Tag archives for adventure
This week on National Geographic Weekend, join host Boyd Matson and his guests as they dive 207 feet under the ocean by holding our breath, fight off an aggressive cheetah in Tanzania, measure our feet to find out why a foot is a foot long, use spark plugs as currency in Cuba, travel by parachute for 40 miles at 16,000 feet, spy on polar bears in Norway, colonize the Arctic with North America’s earliest European visitors, and get taken hostage by rebels in a Himalayan valley.
Every week, embark with host Boyd Matson on an exploration of the latest discoveries and interviews with some of the most fascinating people on the planet, on National Geographic Weekend. Every day, we’ll upload new radio content from the most recent episode of National Geographic Weekend! You can also listen to our podcast while you’re on…
The best adventures begin as dreams, and for me, this trip is no different. My dream started over a bad cup of instant coffee and a moderately difficult Sudoku puzzle in my living room in Rarotonga, Cook Islands. It was March 2012 and I was entrenched in a grass roots campaign to outlaw possession of…
Join radio host Boyd Matson every week for adventure, conservation and green science. This week his guests try to solve the mystery of the disappearance of Michael Rockefeller, figure out if Mother Nature is really trying to kill you, ski off the seven summits including Everest, look inside the city of Damascus during the Syrian War, dive into Mission Blue with Sylvia Earle, look at how much food we waste each year, take a walk on the surface of Mars, and find out what we should pack on a camping trip.
Join radio host Boyd Matson every week for adventure, conservation and green science. This week they are held underwater until they blackout and are rescued, put Langston Hughes’ poetry to music, study bats in the living room, grow up with gorillas, survive a deadly Antarctic expedition, remind travelers to represent their nations, refuse to order bluefin tuna sushi, and create stronger laws to protect elephants.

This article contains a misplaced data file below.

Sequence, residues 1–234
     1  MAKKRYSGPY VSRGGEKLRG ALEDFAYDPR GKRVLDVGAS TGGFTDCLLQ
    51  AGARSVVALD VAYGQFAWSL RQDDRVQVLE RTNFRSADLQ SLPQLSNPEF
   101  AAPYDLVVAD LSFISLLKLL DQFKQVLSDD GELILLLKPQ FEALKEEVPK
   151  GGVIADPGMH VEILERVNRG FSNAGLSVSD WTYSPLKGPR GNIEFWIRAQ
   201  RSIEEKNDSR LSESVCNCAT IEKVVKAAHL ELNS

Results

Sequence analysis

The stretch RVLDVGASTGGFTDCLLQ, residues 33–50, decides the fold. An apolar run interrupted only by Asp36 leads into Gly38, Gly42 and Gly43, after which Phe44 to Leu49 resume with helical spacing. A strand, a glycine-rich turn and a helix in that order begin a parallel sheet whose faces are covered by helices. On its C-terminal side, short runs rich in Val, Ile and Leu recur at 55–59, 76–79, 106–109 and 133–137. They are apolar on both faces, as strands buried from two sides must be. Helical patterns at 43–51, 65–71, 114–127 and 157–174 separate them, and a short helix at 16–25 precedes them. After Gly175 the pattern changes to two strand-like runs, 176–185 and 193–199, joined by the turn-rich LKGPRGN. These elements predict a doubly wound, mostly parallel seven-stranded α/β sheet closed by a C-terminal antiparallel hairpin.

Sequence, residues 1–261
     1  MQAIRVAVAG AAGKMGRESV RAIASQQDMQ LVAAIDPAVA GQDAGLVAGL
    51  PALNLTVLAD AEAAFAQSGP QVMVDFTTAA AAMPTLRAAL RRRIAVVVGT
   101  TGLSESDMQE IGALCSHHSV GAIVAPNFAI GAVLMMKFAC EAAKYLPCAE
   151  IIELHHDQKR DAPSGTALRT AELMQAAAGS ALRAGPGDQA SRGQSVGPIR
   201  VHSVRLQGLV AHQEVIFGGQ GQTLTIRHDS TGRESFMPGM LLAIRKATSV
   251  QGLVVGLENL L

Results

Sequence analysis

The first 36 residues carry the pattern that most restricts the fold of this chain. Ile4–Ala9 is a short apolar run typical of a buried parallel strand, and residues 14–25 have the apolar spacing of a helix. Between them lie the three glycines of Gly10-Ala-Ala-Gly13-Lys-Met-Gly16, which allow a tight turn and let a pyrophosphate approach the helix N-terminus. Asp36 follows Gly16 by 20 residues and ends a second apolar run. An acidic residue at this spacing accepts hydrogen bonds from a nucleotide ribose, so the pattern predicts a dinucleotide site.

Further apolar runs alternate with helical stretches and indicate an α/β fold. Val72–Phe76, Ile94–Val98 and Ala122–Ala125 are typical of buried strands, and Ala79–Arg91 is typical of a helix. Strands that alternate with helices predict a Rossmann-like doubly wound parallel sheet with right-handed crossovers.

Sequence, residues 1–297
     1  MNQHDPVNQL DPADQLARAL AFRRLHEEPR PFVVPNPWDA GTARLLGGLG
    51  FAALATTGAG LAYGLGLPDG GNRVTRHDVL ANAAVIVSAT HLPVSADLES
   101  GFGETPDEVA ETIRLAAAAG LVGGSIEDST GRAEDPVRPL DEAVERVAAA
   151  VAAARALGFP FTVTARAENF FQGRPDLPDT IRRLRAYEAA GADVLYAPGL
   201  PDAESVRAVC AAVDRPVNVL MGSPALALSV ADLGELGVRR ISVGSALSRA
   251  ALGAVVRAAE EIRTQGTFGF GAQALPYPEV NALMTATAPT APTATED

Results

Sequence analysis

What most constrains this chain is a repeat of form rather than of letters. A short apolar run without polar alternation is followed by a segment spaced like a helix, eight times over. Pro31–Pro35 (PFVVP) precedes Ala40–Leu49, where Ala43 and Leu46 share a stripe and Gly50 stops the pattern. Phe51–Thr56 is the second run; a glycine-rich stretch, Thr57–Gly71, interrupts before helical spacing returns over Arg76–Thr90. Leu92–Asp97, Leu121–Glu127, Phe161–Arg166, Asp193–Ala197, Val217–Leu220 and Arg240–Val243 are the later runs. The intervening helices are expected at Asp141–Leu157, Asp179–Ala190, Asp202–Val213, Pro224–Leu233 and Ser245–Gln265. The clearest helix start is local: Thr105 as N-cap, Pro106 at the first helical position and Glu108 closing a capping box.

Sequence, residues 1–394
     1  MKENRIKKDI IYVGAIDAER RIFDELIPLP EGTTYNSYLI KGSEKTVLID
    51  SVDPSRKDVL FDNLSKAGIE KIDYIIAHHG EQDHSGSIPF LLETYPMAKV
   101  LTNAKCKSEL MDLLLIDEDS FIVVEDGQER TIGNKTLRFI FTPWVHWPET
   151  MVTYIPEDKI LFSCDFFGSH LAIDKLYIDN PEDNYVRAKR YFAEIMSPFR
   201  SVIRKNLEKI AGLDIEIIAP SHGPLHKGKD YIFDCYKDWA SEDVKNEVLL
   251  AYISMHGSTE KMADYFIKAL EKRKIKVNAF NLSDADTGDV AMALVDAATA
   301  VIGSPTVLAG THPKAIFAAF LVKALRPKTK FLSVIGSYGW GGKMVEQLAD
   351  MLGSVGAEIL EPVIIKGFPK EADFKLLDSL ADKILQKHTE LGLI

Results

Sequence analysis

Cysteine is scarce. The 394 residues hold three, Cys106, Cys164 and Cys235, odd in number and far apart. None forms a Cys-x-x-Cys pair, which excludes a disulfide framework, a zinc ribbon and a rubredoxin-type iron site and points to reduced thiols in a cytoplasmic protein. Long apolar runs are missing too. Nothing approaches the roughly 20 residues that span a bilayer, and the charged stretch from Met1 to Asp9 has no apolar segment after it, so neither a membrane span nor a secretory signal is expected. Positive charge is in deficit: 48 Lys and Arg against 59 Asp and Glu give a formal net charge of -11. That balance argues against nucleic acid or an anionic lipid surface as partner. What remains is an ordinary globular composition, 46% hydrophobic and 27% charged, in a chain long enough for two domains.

Join radio host Boyd Matson every week for adventure, conservation and green science. This week they are trekking 1,000 miles through the Empty Quarter Desert, searching for the lost civilization of Shangri La, looking at the implications of California’s severe drought, walking through Chinatowns, researching the human brain, getting a visit from the Love Doctor, and learning what makes Russians smile.
I just learned that my 2013 book, Florida Wildlife Corridor Expedition: Everglades to Okefenokee, won a silver medal in the Florida Book Awards. This work is based on the 2012 Expedition that was funded in part by the National Geographic Society. Thank you to team members Mallory Dimmitt, Joe Guthrie, Elam Stoltzfus and Tom Hoctor and…
Join radio host Boyd Matson and his guests as they paddle Class V rapids on the River of Doubt, hand cycle the length of the Americas, investigate deaths from common drugs, preserve lions’ disappearing prides, slide headfirst down an icy track at 90 miles per hour, and reconcile the future and the past in the Amazon Rainforest.
Join host Boyd Matson as he and his guests sleep high on sheer mountain cliffs, wage war against whalers, consume bacteria in pursuit of better health, crash during paragliding takeoff in Pakistan, eat invasive species, and photograph 30 years of warfare in Afghanistan.
National Geographic Emerging Explorer Gregg Treinish founded Adventurers and Scientists for Conservation, a nonprofit organization connecting outdoor adventurers with scientists in need of data from the field. He also organizes his own expeditions, contributing to research on wildlife-human interaction, fragmented habitats, and threatened species. In that spirit, his blog posts appear both here on Explorers Journal and in Beyond the Edge, the…
You can participate in one of the largest conservation efforts in American history! Join Landmark and use your skills and passion to protect one of the last remaining sanctuaries of its kind in the world. Crews will consist of six-person teams of adventurers and have the opportunity to spend a month exploring one of the most uncharted sections of the American Great Plains.
Lead caver Rick Hunter offers his reflections on the otherworldly journey from daylight to the fossil chamber and back.
Climbing, squeezing, dragging, and pushing yourself through tiny passages in a cave can take a serious toll on your body. The cavers and scientists of the Rising Star Expedition though are willing to bash and bruise themselves to recover the broken bones of untold numbers of ancient hominids.
Scientists from around the world are camped outside Johannesburg, recovering and studying a cache of ancient hominid fossils. None of them would be there if it weren’t for a couple of local recreational cavers.